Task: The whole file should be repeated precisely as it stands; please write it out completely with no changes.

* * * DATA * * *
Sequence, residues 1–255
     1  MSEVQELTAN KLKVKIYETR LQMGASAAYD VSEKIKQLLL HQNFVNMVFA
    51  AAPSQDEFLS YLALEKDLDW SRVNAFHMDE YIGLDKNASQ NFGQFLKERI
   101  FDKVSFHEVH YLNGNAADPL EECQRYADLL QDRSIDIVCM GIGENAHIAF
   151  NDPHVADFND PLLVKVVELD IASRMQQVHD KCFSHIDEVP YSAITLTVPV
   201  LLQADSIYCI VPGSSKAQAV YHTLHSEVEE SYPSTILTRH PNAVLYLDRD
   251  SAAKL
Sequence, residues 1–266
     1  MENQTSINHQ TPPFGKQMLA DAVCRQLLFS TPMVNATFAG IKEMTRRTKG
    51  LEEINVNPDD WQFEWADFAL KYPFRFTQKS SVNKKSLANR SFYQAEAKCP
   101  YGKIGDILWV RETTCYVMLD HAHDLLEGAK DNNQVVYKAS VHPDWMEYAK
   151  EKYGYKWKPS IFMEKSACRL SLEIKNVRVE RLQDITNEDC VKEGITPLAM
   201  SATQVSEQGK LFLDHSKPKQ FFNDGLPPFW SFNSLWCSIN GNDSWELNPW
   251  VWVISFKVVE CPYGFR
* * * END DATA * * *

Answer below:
Sequence, residues 1–255
     1  MSEVQELTAN KLKVKIYETR LQMGASAAYD VSEKIKQLLL HQNFVNMVFA
    51  AAPSQDEFLS YLALEKDLDW SRVNAFHMDE YIGLDKNASQ NFGQFLKERI
   101  FDKVSFHEVH YLNGNAADPL EECQRYADLL QDRSIDIVCM GIGENAHIAF
   151  NDPHVADFND PLLVKVVELD IASRMQQVHD KCFSHIDEVP YSAITLTVPV
   201  LLQADSIYCI VPGSSKAQAV YHTLHSEVEE SYPSTILTRH PNAVLYLDRD
   251  SAAKL
Sequence, residues 1–266
     1  MENQTSINHQ TPPFGKQMLA DAVCRQLLFS TPMVNATFAG IKEMTRRTKG
    51  LEEINVNPDD WQFEWADFAL KYPFRFTQKS SVNKKSLANR SFYQAEAKCP
   101  YGKIGDILWV RETTCYVMLD HAHDLLEGAK DNNQVVYKAS VHPDWMEYAK
   151  EKYGYKWKPS IFMEKSACRL SLEIKNVRVE RLQDITNEDC VKEGITPLAM
   201  SATQVSEQGK LFLDHSKPKQ FFNDGLPPFW SFNSLWCSIN GNDSWELNPW
   251  VWVISFKVVE CPYGFR